The U.S. legal industry experienced some improvements during the first half of 2019, even as the wider economy was battered by market volatility, predictions of an economic downturn, trade disputes and other geopolitical headwinds, according to a report out Monday by Wells Fargo.
The 43 judges President Donald Trump has put on the nation’s circuit courts are young, conservative and ready to make their mark. Here, Law360 examines how this freshman class of lifetime appointees is already changing American law.
A majority of law firm staff members are not only stressed out in their roles, but they also feel undervalued by attorneys, according to a new report by a legal marketing consulting firm in Canada.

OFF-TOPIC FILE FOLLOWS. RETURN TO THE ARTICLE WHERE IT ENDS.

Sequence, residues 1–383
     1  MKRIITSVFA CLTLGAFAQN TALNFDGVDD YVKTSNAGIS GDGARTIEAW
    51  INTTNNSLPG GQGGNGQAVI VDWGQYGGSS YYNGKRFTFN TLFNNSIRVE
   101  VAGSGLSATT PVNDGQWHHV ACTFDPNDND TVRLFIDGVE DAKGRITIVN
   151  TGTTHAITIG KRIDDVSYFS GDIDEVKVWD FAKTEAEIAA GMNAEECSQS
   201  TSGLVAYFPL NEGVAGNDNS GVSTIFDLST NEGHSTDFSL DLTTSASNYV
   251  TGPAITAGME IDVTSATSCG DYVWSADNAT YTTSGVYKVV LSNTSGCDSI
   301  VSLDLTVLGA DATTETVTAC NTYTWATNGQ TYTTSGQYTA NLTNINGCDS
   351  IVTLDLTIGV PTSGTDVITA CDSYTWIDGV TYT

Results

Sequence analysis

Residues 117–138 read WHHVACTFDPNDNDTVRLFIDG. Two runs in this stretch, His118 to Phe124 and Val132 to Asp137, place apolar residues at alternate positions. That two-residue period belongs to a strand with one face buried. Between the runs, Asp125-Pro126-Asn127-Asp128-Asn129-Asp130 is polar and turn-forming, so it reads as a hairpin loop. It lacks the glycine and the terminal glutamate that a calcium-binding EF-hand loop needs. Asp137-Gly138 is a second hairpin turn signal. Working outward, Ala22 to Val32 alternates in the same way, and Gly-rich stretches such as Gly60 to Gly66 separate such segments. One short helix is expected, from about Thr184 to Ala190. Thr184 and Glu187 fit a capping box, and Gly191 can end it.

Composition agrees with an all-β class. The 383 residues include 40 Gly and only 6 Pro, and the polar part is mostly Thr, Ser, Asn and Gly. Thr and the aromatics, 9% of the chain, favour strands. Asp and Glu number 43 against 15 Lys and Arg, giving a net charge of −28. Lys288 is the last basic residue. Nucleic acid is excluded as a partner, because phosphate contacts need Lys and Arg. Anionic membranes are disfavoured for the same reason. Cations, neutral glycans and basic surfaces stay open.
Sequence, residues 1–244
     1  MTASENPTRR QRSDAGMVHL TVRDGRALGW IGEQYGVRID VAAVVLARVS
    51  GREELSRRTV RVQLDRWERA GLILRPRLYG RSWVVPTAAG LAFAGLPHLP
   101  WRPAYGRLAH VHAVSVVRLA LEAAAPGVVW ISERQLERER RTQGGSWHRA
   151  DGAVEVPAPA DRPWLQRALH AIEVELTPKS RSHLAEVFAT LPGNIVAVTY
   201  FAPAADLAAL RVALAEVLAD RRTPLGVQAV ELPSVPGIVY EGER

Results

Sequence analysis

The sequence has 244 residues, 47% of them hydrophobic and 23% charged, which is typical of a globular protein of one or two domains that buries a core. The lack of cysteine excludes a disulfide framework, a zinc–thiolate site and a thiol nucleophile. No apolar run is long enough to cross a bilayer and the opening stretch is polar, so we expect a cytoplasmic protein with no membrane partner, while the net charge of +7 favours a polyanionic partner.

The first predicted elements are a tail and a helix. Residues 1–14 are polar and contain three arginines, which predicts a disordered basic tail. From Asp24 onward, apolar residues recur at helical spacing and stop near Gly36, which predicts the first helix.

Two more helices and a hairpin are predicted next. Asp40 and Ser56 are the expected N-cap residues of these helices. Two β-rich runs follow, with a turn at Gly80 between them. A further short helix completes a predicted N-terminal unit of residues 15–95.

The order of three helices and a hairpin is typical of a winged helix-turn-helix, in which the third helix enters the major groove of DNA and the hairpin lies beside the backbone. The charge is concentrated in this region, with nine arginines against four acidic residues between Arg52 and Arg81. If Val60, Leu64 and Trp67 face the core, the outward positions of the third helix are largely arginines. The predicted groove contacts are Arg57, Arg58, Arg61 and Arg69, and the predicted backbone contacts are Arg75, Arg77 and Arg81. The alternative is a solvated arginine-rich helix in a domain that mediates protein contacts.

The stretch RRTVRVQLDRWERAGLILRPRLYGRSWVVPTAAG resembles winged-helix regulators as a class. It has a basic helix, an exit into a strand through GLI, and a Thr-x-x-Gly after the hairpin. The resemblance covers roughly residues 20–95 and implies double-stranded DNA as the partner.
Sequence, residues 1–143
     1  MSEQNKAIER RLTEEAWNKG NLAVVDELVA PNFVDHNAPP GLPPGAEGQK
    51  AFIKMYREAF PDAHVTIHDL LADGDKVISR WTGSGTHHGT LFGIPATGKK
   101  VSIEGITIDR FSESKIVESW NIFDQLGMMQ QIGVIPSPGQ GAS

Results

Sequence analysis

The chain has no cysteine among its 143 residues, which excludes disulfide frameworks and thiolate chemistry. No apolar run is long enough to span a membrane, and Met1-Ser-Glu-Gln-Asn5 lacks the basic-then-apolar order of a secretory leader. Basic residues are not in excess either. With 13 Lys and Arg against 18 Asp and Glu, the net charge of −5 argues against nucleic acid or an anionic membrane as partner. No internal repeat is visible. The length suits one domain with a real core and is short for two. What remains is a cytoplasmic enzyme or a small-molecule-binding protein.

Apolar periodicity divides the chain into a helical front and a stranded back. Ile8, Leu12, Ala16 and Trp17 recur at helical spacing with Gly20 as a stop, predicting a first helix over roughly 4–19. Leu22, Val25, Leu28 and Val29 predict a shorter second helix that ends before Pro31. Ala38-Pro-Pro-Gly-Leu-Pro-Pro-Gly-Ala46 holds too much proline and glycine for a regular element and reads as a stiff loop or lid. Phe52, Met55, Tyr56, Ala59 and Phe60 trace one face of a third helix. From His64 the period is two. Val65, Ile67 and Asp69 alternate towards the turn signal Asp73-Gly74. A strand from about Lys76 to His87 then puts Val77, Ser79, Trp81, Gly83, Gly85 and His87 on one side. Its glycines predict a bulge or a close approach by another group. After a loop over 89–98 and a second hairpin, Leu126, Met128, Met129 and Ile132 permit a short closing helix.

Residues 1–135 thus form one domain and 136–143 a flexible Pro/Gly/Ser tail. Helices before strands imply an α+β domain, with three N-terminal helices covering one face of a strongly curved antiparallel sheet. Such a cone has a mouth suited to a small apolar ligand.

Massachusetts' top court considered when it might be appropriate for a judge to excuse a blind juror as it heard an argument Monday that an assault conviction should be tossed because a blind juror could not have properly evaluated photographic evidence.
A former Weil Gotshal & Manges LLP bankruptcy partner who says his career was cut short by a psychiatric breakdown has asked a New York federal judge for a win in his disability benefits suit against MetLife, arguing the insurer's denial of his claim was in "stark contrast" to the evidence.
As part of his general counsel role at self-driving car company Cruise, Matt Gipple views educating the public about automated vehicles as one of his top priorities. Here, he explains what drew him to the industry, the challenges it faces and where he sees it going in the next few years.
We're pleased to announce Law360's Rising Stars for 2019, our list of 175 attorneys under 40 whose legal accomplishments transcend their age.